These settings’ dark, grayish tones contribute to an overall mood of mystery and suspense, and focus the audience’s attention on the protagonist, Ofelia, whose white nightgown sets a huge contrast against the dully-coloured surroundings. Settings can also serve as metaphorical representations which support the main narrative action. Ofelia’s departure from her bedroom to the labyrinth and rotunda, taken on a subtler level, can be understood as her desire to escape reality and the harsh cruelties that exist in a post-civil war Spain (bedroom), to a fantasy world (labyrinth and rotunda) of mystical creatures that promise her liberation and freedom from the binds of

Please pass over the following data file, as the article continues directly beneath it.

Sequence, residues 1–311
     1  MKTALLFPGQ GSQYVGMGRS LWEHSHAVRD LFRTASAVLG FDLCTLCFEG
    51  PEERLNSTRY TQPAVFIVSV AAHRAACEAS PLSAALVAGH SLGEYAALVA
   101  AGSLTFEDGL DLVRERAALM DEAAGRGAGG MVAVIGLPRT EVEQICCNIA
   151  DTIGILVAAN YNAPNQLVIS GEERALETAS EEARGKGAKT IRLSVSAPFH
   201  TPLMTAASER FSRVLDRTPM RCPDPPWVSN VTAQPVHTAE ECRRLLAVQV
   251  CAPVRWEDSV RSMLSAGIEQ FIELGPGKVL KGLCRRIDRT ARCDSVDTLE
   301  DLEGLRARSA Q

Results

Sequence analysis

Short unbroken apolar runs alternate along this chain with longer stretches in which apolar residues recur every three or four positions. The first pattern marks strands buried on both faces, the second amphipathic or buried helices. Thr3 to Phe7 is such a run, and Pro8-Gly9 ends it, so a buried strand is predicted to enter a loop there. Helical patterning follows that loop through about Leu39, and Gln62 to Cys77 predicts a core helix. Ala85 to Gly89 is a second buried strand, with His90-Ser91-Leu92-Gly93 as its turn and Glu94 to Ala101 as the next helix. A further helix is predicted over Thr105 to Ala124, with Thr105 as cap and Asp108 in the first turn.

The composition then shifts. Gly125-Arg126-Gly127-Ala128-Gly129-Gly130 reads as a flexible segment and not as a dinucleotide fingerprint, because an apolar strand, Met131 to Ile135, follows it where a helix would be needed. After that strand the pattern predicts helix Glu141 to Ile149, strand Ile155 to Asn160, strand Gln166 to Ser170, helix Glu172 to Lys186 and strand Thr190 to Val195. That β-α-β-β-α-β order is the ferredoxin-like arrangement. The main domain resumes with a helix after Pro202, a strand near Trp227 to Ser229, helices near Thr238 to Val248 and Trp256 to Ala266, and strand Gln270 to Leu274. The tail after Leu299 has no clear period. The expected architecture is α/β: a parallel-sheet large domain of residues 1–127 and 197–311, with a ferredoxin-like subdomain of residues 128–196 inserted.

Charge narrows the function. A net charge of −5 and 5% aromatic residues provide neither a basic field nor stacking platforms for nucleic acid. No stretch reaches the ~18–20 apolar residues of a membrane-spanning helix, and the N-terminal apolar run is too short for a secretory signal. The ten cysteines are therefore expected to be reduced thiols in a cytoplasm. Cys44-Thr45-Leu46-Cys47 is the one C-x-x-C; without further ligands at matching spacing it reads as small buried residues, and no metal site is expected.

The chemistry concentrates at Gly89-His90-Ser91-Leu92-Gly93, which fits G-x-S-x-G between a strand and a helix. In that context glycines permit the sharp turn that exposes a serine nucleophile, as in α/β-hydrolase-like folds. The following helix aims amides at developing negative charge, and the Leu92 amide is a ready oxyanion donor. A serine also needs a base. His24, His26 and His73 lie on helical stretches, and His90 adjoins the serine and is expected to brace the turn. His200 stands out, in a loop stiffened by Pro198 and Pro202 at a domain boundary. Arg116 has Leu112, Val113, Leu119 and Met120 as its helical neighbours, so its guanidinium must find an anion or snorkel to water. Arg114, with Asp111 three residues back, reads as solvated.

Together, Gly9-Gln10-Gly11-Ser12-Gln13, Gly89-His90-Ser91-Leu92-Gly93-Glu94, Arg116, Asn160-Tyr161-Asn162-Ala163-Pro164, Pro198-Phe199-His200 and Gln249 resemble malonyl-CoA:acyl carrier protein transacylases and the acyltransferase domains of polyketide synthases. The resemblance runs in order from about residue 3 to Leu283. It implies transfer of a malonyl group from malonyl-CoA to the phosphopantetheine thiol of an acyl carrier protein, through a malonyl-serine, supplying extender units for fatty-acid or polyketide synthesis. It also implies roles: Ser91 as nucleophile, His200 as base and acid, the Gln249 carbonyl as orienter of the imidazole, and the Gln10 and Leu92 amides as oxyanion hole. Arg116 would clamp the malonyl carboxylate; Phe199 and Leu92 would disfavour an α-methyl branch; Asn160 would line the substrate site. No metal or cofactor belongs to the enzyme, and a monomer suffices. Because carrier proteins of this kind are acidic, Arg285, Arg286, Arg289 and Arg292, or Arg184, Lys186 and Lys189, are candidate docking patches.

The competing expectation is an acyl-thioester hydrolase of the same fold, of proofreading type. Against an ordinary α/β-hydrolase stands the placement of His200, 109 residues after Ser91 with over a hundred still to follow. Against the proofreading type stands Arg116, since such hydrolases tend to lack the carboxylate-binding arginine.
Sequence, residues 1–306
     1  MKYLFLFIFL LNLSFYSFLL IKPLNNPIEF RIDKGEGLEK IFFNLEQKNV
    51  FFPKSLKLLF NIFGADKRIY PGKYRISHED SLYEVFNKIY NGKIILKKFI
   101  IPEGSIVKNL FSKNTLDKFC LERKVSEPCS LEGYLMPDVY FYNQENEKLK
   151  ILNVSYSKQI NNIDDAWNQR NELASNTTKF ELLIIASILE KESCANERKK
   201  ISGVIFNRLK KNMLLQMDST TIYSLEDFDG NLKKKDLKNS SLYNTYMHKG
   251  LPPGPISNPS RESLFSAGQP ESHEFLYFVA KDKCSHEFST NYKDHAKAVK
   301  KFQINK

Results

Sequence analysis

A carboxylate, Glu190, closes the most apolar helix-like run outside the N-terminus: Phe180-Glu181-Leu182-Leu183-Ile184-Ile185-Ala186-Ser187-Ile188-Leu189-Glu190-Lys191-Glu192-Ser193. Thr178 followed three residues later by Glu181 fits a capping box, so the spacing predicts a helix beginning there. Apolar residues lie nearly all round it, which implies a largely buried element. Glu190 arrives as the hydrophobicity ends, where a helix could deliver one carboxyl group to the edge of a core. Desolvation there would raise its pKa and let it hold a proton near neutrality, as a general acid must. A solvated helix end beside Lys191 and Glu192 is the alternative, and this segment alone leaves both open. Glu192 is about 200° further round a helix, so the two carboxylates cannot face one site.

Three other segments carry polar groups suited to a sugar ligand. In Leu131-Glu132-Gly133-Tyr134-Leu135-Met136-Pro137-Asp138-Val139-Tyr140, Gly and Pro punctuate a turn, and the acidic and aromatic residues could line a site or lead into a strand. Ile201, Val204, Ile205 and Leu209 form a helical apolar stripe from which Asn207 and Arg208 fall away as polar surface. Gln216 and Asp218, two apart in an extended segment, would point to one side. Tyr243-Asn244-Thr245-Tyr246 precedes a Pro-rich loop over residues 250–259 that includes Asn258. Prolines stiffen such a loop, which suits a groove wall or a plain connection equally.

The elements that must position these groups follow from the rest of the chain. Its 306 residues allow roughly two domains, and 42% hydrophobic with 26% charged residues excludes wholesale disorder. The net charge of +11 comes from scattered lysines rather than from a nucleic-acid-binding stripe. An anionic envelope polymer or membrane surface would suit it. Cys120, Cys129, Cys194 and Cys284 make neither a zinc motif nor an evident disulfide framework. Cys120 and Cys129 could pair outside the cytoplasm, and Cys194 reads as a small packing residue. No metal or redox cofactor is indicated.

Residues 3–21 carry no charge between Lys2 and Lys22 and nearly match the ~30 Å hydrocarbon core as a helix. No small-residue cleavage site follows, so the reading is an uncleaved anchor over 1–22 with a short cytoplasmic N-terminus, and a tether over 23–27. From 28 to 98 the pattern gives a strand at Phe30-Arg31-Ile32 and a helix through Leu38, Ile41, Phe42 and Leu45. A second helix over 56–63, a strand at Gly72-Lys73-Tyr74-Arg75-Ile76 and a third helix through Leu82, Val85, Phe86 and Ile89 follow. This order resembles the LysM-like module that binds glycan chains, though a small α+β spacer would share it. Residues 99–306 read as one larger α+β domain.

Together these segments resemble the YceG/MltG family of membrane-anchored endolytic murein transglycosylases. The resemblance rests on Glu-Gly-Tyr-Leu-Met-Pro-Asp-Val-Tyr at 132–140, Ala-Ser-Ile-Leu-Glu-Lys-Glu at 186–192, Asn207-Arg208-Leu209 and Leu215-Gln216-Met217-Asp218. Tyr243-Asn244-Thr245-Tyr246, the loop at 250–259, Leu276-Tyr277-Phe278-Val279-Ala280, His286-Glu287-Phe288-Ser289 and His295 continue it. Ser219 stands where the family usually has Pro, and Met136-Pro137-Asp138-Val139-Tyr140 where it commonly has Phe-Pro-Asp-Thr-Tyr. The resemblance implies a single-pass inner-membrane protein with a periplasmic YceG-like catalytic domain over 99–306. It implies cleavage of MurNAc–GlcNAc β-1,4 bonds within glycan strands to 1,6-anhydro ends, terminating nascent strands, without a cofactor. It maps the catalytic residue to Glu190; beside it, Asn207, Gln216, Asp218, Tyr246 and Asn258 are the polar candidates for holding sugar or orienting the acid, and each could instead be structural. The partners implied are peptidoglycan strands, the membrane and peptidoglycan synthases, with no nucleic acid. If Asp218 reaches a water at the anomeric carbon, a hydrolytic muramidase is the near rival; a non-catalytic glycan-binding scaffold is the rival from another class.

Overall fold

MY SISTER’S KEEPER (Movie Review) Conceived by means of in vitro fertilization, Anna Fitzgerald (Abigail Breslin) was brought into the world to be a genetic match for her older sister, Kate (Sofia Vassilieva), who suffers from acute promyelocytic leukemia. Because of her sister's dependency on her, Anna is unable to live the life she wants; in and out of the hospital constantly, she cannot take part in extracurricular activities such as cheerleading or soccer. When Kate turns 13 she goes into renal failure. Knowing that she will have to donate one of her kidneys to her sister, Anna sues her parents for medical emancipation and the rights to her own body. Attorney Campbell Alexander (Alec Baldwin) agrees to work for Anna pro bono.